Coming Up Short, More And More

By Renae Merle
Washington Post Staff Writer
Saturday, July 11, 2009

More than two years into the housing crisis, lenders are beginning to allow more troubled homeowners to unload their homes for less than they owe. The practice, known as a short sale, is gaining popularity as an alternative to foreclosure, but it remains a difficult and lengthy task to pull off because the lender bears the brunt of the loss.

The number of short sales completed jumped 208 percent during the first quarter of this year compared with the same period in 2008, according to a report issued last month by the Office of Thrift Supervision and the Office of the Comptroller of the Currency, which regulate banks.

Short sales could increase further as home prices continue to fall, leaving a growing number of borrowers owing more than their home is worth. Also, the Obama administration is implementing a program to pay lenders to accept less than the balance owed by the borrower in such deals.

Already, Bank of America, the country's largest mortgage lender, has seen completed short sales jump 50 percent so far this year, said Dave Sunlin, a senior vice president who manages the foreclosure and real estate division. "We understand this is an opportunity to mitigate our losses, while helping turn around the housing market and help homeowners," he said.

Bank of America opened a short-sale call center last year. And the bank hopes to launch a pilot program within 30 days that would shrink to one week the time it takes to have a specific short-sale offer approved, Sunlin said. Under the program, prospective sellers apply to Bank of America to get preapproved to pursue a short sale in general, then go back to the bank for approval of specific offers as they come in. The program will initially focus on borrowers who fail to qualify for a government foreclosure-prevention program, he said.

"If they have come to the conclusion that there is no possible workout, they should contact us as quickly as possible," Sunlin said.

The types of homes that end up in short sales vary widely. At the beginning of the financial crisis, most of the homes were on the lower-priced end of the market, said Marc Cormier, an agent for Re/Max Allegiance in McLean. But now, more higher-end homes are ending up in such deals, including a 10-bedroom home in Potomac, which was originally put on the market last year for $10 million, he said. The seller reduced the asking price to $5.5 million last month, and it's listed as a short sale. "You're going to be seeing more of that from now until 2010," Cormier said.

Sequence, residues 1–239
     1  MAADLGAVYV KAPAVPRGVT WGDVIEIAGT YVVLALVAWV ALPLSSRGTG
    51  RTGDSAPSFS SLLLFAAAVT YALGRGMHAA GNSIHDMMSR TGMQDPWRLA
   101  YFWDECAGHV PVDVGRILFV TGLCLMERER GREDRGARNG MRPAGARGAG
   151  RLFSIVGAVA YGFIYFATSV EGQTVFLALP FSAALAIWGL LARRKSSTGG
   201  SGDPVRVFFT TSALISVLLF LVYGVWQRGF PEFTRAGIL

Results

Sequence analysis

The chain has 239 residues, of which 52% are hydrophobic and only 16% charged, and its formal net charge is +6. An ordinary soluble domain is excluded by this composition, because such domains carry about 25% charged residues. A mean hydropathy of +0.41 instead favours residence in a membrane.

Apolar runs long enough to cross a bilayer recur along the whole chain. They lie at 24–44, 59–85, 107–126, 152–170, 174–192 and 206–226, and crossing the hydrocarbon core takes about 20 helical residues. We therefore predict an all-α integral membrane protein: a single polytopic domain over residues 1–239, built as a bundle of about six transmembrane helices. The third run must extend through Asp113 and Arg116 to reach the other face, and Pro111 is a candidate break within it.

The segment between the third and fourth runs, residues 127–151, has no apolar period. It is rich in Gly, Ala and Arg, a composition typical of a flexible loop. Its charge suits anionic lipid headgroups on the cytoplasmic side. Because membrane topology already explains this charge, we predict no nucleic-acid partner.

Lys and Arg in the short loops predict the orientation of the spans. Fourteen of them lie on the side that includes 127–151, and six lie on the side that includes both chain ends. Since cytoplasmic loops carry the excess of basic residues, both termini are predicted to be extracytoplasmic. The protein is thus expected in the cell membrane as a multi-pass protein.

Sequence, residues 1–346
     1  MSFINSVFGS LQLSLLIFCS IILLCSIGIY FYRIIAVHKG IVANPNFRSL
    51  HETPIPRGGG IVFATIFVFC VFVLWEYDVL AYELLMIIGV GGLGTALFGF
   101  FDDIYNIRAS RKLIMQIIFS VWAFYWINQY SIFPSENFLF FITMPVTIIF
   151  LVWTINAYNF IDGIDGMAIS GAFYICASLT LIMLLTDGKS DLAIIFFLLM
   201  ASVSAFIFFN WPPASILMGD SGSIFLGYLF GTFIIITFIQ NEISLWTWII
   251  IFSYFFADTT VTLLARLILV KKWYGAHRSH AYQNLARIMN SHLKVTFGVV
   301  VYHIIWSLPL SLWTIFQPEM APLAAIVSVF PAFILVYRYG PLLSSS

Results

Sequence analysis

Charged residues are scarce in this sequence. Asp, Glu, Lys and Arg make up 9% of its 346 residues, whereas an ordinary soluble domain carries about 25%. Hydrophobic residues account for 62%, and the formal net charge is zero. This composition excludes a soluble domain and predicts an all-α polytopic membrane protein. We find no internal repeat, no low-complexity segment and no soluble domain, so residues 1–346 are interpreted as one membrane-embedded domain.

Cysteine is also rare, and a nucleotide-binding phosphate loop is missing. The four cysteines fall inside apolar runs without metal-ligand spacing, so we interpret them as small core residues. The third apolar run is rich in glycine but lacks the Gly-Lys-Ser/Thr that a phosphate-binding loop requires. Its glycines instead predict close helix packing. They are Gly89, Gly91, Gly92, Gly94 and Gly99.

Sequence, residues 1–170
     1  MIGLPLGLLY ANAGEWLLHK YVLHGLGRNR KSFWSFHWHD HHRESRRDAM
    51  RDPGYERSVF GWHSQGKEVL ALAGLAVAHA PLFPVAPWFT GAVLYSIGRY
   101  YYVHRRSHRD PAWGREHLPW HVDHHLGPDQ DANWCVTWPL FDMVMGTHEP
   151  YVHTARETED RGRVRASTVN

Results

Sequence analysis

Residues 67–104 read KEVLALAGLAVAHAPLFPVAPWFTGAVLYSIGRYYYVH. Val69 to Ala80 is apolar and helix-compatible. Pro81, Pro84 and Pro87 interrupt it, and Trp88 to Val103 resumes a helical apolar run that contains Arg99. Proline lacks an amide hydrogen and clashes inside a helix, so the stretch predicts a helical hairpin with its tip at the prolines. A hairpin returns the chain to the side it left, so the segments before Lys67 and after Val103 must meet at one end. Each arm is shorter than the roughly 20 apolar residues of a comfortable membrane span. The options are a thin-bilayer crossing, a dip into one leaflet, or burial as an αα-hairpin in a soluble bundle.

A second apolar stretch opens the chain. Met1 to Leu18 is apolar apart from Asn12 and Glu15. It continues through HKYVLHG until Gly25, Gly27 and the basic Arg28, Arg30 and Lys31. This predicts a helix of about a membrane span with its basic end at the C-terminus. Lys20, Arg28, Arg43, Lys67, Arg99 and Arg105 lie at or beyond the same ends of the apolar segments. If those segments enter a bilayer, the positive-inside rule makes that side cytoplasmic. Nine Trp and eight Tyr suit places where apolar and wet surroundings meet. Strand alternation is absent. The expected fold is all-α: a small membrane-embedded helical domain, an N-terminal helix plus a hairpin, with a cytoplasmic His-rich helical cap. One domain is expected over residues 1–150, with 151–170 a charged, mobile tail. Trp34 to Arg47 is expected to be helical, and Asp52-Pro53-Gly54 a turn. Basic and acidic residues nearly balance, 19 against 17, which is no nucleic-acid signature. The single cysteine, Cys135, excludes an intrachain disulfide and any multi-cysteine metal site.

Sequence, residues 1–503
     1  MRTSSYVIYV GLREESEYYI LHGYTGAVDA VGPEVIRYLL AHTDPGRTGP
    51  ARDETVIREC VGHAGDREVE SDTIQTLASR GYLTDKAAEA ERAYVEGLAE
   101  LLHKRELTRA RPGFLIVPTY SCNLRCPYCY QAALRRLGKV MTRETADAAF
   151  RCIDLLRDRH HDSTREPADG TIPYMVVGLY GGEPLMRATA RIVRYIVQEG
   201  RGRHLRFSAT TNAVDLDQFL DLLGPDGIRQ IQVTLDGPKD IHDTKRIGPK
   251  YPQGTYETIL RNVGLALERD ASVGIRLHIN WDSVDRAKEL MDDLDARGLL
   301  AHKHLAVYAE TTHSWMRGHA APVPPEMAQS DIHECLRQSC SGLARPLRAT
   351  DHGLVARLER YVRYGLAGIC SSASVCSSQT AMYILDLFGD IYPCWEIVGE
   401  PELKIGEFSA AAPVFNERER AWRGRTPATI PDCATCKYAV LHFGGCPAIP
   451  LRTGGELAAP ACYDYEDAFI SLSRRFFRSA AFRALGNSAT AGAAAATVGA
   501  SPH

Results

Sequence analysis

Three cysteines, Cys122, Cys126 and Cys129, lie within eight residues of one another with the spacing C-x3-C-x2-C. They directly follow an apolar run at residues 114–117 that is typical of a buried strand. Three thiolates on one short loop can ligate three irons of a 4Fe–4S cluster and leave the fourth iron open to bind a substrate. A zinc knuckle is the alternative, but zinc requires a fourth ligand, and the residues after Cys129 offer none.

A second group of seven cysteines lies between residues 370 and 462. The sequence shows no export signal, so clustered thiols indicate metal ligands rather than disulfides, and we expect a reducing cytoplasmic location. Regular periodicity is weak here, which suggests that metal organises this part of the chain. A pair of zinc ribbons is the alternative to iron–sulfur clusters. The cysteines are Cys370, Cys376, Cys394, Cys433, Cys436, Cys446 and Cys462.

Last year, about 5 percent of home sales in Loudoun County, one of the hardest-hit parts of the region, were short sales. Now they account for about 23 percent of the market, said Tony Arko, an agent for Market Advantage Real Estate. "A year ago, there was almost nothing. Everyone thought short sales were going to be a blip on the screen," Arko said.

Still, the short-sale process is notoriously slow and cumbersome. Unlike normal sales, the seller's lender must approve the deal and is often suspicious of lowball offers, potentially dragging out the process for months. About 60 percent of approved short sales do not ultimately close, largely because buyers walk away from the deals, according to Bank of America.

Wells Fargo began streamlining its short-sale process last year, said David Knight, its senior vice president of specialty servicing for default and retention operations. It used to take more than 90 days for a short-sale offer to be approved; now it can be done in 30 days in some cases, Knight said. "We said there were a lot of things we can do ahead of time so we can give a decision faster," he said.

For example, bank officials used to wait until they received a short-sale offer before starting the process. Now, Knight said, they encourage borrowers to contact them early so they can begin assessing whether the home would qualify for the program and help them set a proper price.

Before attempting a short sale, borrowers should weigh the potential tax liability and prepare for the usual hassles of a sale -- cleaning for open houses and negotiating with bidders -- even though they won't reap the usual cash payoff, real estate agents and lenders said. A real estate agent experienced with short sales can be helpful, they said, but borrowers should also prepare to provide documentation of a hardship that would persuade their lender to accept less than owed.

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